The night sides of Saturn and Tethys are dark places indeed.
We know that shadows are darker areas than sunlit areas, and in space, with no air to scatter the light, shadows can appear almost totally black.
Tethys (660 miles or 1,062 kilometers across) is just barely seen in the lower left quadrant of this image below the ring plane and has been brightened by a factor of three to increase its visibility.
The wavy outline of Saturn's polar hexagon is visible at top center.
This view looks toward the sunlit side of the rings from about 10 degrees above the ring plane. The image was taken with the Cassini spacecraft wide-angle camera on Jan. 15, 2015 using a spectral filter which preferentially admits wavelengths of near-infrared light centered at 752 nanometers.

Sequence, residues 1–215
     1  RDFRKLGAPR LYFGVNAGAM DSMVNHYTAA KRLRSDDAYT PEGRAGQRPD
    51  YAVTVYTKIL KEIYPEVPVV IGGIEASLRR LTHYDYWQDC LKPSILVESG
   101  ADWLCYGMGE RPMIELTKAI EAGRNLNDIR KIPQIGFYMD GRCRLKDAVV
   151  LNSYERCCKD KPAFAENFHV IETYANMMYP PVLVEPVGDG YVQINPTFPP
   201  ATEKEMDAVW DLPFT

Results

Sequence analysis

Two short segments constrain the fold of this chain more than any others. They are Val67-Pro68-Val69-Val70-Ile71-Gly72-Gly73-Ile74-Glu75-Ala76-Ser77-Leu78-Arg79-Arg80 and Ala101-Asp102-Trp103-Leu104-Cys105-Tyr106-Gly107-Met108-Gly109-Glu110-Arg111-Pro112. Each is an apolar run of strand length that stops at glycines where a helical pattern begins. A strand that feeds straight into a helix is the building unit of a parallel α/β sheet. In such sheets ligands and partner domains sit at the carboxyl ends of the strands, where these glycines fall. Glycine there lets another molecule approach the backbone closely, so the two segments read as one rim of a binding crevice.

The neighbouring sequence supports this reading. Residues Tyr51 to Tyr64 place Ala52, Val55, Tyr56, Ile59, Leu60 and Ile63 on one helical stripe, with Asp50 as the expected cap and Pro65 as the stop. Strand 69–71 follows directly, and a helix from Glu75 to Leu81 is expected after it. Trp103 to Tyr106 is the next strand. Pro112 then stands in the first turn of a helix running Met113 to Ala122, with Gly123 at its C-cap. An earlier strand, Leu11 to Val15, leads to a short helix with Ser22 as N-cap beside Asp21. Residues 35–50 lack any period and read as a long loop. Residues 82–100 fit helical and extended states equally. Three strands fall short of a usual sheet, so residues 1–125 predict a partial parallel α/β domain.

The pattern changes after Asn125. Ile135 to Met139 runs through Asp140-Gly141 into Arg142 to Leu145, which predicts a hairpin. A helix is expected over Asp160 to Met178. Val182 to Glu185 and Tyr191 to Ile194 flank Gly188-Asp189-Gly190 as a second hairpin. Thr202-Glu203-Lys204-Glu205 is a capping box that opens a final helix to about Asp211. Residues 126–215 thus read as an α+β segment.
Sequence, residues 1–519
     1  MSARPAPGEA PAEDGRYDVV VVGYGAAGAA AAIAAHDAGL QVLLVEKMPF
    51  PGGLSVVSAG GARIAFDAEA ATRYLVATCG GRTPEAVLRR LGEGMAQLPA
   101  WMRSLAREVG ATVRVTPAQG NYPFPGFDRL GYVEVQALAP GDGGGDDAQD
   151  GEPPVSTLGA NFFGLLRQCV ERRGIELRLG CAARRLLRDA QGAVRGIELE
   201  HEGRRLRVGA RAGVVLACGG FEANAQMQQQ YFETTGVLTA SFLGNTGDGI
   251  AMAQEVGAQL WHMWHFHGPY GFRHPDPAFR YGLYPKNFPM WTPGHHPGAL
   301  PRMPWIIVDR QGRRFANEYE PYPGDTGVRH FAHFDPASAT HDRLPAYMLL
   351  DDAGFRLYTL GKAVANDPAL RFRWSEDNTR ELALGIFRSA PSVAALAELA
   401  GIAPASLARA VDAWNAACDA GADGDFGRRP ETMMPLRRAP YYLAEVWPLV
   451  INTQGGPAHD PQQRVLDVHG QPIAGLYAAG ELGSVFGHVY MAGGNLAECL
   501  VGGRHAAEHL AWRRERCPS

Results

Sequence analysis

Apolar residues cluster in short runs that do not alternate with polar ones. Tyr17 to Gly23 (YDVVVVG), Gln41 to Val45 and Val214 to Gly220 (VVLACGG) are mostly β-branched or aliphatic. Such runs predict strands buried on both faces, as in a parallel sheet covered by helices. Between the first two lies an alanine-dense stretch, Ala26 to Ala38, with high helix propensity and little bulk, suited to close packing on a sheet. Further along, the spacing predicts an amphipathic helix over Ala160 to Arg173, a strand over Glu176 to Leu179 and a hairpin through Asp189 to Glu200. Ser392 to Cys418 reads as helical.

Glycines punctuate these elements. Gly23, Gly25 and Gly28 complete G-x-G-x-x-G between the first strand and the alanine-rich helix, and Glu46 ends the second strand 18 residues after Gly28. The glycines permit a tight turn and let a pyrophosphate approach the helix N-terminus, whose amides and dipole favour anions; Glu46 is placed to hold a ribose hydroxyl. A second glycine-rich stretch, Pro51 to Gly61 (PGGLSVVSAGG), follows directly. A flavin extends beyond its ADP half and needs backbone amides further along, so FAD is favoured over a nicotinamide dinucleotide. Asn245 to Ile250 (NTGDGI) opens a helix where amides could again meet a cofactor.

The view was obtained at a distance of approximately 1.5 million miles (2.4 million kilometers) from Saturn. Image scale is 88 miles (141 kilometers) per pixel.
The Cassini Solstice Mission is a joint United States and European endeavor. The Jet Propulsion Laboratory, a division of the California Institute of Technology in Pasadena, manages the mission for NASA's Science Mission Directorate, Washington, D.C. The Cassini orbiter was designed, developed and assembled at JPL. The imaging team consists of scientists from the US, England, France, and Germany. The imaging operations center and team lead (Dr. C. Porco) are based at the Space Science Institute in Boulder, Colo.